Can you mourn over a killed terrorist?




 
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Boots
 
February 17th, 2015  
Kesse81
 

Topic: Can you mourn over a killed terrorist?


Since the attacks, the Danish population in memory of the victims has placed flowers at the two locations where two men were killed by a mad offender.

A small group of people have laid flowers where the alleged offender, Omar Abdel Hamid El-Hussein, was shot and killed by the police Sunday night and it has aroused great anger and outrage especially on social Medias.

A person writes: Flowers placed, where the terrorist was killed. How stupid, disrespectful and inhumane to honor him. "

There may be several reasons why you want to remember a young man, although he has committed a crime of this kind.

He was the son of someone. Maybe itīs his parents, siblings or friends expressions of grief. One should consider whether itīs the human or the offender, the flowers are for. Therefore, I do not judge those who have laid flowers for the young man.


I think it's so sad what has happened and I would not dream of putting flowers there, but I believe that one should acknowledge a family's mourning whatever.
February 17th, 2015  
MontyB
 
 
I am not sure how I feel about that for example I could not imagine putting flowers on Hitlers grave but certainly the guy had family and friends and they are entitled to mourn his death but you would think they would want to do it rather quietly.
February 17th, 2015  
Queensman
 
 
We're the people who played the flowers related to him, or were they put there by people sympathetic to what he represents? If it was the former I could understand the reason, a bit like laying flowers at the scene of a road accident in memory of a loved one.
If it's the latter then i hope that the police can track them down and watch them to see if they are in turn planning something.
It is quite disrespectful to the dead and Injured and their families of too.
It could also be described as disrespectful to the Danish service personnel who died fighting the taliban.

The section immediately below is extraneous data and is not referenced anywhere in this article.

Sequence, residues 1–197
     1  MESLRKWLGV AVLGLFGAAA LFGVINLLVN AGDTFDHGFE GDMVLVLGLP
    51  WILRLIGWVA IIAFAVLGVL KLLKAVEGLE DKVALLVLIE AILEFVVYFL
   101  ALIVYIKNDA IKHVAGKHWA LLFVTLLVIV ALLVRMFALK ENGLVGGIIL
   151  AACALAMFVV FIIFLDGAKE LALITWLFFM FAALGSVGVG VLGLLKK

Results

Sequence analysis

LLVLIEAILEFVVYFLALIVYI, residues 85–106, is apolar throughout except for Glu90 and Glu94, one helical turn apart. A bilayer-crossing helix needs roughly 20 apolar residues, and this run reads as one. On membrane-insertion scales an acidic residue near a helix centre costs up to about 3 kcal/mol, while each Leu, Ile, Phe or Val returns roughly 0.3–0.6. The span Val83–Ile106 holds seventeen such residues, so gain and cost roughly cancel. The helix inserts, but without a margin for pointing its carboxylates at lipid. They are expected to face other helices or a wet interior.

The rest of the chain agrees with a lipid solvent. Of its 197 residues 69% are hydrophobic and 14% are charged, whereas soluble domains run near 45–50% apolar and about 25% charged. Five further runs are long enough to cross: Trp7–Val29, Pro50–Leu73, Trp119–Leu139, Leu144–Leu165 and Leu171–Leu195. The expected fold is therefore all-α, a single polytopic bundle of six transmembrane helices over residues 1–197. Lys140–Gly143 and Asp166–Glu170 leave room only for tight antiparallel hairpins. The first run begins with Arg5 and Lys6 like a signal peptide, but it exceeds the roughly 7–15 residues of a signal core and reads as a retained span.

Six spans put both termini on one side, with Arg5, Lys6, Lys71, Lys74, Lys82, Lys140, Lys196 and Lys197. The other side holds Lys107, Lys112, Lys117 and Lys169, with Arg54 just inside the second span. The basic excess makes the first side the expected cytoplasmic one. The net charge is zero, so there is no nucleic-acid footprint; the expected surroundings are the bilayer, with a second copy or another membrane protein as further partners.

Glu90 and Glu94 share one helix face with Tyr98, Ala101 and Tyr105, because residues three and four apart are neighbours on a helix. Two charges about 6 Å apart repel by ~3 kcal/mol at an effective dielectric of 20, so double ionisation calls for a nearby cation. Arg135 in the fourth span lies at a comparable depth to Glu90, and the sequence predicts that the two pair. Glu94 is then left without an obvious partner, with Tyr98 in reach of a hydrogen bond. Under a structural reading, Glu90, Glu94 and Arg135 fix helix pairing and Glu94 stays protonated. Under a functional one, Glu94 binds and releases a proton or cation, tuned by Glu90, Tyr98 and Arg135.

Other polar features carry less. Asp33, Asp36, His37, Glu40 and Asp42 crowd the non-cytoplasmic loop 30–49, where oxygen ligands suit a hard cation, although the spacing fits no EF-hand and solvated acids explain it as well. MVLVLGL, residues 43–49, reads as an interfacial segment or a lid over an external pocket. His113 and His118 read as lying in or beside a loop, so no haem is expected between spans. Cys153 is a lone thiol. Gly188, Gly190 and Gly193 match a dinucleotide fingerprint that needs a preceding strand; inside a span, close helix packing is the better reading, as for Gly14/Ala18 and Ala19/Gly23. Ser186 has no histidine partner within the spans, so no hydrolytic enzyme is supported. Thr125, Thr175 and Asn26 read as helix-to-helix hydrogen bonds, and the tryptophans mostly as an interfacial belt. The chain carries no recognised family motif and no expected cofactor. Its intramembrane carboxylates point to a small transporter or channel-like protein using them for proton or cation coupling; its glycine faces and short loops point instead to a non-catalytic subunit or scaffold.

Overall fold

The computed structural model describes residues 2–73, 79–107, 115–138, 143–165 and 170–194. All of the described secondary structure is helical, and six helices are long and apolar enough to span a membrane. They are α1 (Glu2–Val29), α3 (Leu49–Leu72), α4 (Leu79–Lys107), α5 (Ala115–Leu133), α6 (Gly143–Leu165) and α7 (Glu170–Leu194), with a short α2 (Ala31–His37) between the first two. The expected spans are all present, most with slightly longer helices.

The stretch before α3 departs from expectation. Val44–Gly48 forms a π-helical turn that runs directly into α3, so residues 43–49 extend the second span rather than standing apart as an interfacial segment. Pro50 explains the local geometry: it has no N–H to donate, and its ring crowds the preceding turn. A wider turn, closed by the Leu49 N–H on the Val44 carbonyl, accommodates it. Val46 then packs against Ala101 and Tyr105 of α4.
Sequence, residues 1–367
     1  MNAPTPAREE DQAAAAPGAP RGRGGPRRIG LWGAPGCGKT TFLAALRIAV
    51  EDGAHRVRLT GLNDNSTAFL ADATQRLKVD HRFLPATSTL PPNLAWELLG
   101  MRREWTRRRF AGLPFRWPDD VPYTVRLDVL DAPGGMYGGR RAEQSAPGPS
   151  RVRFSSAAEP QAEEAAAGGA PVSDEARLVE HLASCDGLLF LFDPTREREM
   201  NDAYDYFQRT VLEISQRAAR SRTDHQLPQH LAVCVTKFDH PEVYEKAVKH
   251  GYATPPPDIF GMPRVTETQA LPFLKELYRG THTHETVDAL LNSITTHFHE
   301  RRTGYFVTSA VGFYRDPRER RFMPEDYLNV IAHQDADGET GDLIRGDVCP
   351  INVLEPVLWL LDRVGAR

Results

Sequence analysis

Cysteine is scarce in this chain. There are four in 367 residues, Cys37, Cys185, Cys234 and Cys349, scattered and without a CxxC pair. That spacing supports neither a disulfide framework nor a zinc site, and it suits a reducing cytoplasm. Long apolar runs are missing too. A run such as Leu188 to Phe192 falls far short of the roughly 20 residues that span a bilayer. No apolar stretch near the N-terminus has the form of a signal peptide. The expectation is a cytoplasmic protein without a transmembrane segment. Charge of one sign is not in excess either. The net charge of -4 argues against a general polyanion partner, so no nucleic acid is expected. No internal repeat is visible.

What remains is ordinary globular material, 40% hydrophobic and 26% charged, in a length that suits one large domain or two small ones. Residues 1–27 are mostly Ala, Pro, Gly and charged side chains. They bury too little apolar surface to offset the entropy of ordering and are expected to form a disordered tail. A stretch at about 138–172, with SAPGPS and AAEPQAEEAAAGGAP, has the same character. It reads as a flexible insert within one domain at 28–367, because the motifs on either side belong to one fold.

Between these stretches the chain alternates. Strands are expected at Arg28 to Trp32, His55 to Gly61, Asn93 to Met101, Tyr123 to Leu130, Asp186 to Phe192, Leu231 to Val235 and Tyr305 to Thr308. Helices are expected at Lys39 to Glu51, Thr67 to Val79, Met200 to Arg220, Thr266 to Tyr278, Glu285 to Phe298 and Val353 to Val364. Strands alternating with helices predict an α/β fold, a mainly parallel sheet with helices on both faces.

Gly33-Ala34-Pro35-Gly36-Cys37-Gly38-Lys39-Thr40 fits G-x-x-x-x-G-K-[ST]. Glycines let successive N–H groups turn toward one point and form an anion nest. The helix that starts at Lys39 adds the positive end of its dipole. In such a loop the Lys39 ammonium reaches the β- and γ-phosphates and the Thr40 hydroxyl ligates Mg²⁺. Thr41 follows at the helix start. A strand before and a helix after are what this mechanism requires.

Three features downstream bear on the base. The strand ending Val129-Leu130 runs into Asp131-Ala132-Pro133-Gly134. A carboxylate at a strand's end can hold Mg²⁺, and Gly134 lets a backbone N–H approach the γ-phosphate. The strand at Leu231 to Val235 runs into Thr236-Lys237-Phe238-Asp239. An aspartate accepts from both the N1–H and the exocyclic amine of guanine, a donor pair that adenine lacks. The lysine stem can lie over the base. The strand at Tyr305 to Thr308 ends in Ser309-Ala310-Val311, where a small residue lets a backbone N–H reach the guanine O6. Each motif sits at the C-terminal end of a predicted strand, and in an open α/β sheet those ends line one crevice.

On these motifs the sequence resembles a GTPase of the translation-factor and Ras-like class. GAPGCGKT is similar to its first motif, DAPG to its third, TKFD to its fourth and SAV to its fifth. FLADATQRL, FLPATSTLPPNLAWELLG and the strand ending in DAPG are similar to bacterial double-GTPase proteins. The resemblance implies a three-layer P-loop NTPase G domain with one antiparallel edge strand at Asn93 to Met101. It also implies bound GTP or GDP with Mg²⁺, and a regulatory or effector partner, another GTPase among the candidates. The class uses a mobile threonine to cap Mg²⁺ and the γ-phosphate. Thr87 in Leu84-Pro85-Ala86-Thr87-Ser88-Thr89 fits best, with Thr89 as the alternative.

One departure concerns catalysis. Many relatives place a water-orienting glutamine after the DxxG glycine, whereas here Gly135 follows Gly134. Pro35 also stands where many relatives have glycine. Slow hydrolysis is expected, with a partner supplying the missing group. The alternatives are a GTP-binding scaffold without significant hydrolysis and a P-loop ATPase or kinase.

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Boots
February 18th, 2015  
BritinAfrica
 
 
I have to agree 100% with that statement Queensman
February 18th, 2015  
Kesse81
 
Whether it is for one reason or another they have placed flowers or it was only to show sympathy with his misdeeds, then that’s just it.
You have that right in a democracy and itīs also one of the reasons why I wear a uniform.
Is it disrespectful to the victims' families, yes it is, but completely legal.
Is it disrespectful to Danish soldiers? I believe most of them think like I do. I just shake it off.
February 19th, 2015  
tetvet
 
I would probably mourn with joy .
February 19th, 2015  
MikeP
 
 
Piss on him.
He gave up any right to human consideration.
Discard him with other garbage.
His family needs to live with that.
February 20th, 2015  
Queensman
 
 
Quote:
Originally Posted by MikeP
Piss on him.
He gave up any right to human consideration.
Discard him with other garbage.
His family needs to live with that.
Now that's the attitude I admire, say it as you see it
February 20th, 2015  
Kesse81
 
Thereīs a little word called empathy.
Or do you believe that his family is complicit?
February 20th, 2015  
JOC
 
 
Quote:
Originally Posted by Kesse81
Thereīs a little word called empathy.
Or do you believe that his family is complicit?
He was a murderous thug. Services and memorials should be keep private considering his murdering of unknown innocents. You would think his family would be ashamed.
 


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